Aer Lingus looks to stall Ryanair's €40m investment for Dublin Airport

Aer Lingus Looks To Stall Ryanair's €40M Investment For Dublin Airport
Aer Lingus is looking to stall plans by rival Ryanair to construct its permitted €40 million state-of-the-art four bay aircraft maintenance hangar at Dublin airport
Share this article

Gordon Deegan

Aer Lingus is looking to stall plans by rival Ryanair to construct its permitted €40 million state-of-the-art four bay aircraft maintenance hangar at Dublin airport.

This follows Aer Lingus seeking leave from An Bord Pleanála to lodge a third party appeal against last month’s decision by Fingal Co Council to grant planning permission for the major investment by Ryanair which is to create over 200 jobs for engineers and mechanics.


In a separate but connected move, Aer Lingus is also seeking leave to appeal against a grant of permission by Fingal Co Council to Daa for an extension to the north apron at Dublin Airport.

Aer Lingus did not make a submission on either application when the cases were before Fingal Co Council disallowing the airline to lodge third party appeals in the usual way. Instead, Aer Lingus is applying under Section 37(6) of the Planning and Development Act 2000 to lodge appeals.


In a three-page submission concerning the Ryanair permission, Director of Corporate Affairs at Aer Lingus, Niall Timlin has told the appeals board that the Ryanair permission results “in a material effect on the enjoyment" of Aer Lingus of its land and its value adjacent to the permitted Ryanair hangar.

Aer Lingus operates Hangar 6 at Dublin Airport and Ryanair has obtained planning permission for the nearby Hangar 7.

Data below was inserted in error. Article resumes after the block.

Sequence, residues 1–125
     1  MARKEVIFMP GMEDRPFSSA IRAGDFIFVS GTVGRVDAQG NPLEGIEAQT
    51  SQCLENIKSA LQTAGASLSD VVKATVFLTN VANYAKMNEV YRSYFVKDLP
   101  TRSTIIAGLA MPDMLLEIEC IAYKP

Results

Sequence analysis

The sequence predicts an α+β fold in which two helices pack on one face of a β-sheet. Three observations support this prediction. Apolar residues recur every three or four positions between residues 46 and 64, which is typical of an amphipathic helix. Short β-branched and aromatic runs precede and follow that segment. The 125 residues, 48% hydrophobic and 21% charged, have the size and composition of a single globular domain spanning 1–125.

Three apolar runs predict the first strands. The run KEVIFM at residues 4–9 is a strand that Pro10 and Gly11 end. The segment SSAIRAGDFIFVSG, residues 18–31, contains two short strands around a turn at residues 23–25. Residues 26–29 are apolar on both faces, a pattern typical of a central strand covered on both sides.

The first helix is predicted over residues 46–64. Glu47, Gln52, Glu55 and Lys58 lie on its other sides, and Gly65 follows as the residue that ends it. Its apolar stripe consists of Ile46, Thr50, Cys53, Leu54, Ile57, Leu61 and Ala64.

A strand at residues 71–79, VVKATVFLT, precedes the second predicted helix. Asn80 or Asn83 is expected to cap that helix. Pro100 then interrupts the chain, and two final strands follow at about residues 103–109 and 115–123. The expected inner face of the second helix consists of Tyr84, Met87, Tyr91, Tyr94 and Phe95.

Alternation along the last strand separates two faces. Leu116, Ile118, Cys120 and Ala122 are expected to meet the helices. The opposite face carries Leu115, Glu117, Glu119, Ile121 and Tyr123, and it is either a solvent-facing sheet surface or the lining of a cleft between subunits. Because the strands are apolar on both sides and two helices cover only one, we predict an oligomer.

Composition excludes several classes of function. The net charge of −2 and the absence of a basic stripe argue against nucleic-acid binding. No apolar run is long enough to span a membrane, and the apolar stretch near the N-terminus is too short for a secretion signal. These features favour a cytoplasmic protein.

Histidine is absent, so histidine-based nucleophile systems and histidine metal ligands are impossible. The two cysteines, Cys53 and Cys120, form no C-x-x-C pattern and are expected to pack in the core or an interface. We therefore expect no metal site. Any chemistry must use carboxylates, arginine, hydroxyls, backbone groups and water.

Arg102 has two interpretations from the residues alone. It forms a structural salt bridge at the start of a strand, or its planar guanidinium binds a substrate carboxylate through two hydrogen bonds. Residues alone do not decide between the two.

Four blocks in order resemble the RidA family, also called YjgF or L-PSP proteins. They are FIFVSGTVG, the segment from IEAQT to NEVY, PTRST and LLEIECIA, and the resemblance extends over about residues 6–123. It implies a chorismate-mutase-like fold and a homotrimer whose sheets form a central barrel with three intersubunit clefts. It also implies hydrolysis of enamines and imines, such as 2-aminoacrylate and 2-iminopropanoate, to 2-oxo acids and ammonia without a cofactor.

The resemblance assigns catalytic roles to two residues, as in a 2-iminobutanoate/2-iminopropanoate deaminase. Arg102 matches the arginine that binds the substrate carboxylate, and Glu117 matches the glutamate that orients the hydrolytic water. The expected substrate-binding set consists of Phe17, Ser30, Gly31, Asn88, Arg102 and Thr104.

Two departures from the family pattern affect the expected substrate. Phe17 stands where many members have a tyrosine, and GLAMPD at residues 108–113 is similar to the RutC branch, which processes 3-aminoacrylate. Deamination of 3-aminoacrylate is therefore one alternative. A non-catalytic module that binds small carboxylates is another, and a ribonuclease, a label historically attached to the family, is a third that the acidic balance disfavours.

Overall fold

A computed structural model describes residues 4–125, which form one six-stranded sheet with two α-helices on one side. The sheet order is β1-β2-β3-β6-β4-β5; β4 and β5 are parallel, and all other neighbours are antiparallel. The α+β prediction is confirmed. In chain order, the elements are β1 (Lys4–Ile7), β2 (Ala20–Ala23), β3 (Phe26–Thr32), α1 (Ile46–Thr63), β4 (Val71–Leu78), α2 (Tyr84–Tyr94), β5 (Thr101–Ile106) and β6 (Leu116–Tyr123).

Mr Timlin states that if Ryanair proceed with the planning permission “Aer Lingus will be restricted in terms of aircraft leaving and entering Hangar 6 and aircraft parking on the Hangar 6 apron before and after they undergo maintenance service”.

Mr Timlin states: “This will have a profound negative impact."

Mr Timlin has told the appeals board that the roof of Hangar 7 is reduced in size in the permission granted. He states that the reduction in the roof may have a material impact on how Hangar 7 can accommodate the Boeing 737W, Max and the larger Boeing 737 Max 10 Aircraft.

Mr Timlin said that any changes in how aircraft are parked within the hangar could result in the aircraft taking longer passing to and from the new hangar and thereby increasing the bottleneck at entry to the North Apron which also serves Aer Lingus’s Hangar 6. Mr Timlin states that the neck of the narrow entrance between Hangar 6 and Hangar 7 “is a sensitive pinch point between our existing hangar and that now proposed”.


Mr Timlin states that “the use of the apron for access is critical to the orderly and efficient use of the hangar”.

He said: “The increased risk of congestion and conflict means this must be considered a material change.”

He points out that the Board under the Act must grant leave to appeal where it can be shown that a development granted planning permission differs materially from the application as set out in the original planning application due to a condition in the grant of permission and that the conditions materially affect the applicant’s enjoyment of land or reduce the value of the land.

Read More

Message submitting... Thank you for waiting.

Want us to email you top stories each lunch time?

Download our Apps
© 2024, developed by Square1 and powered by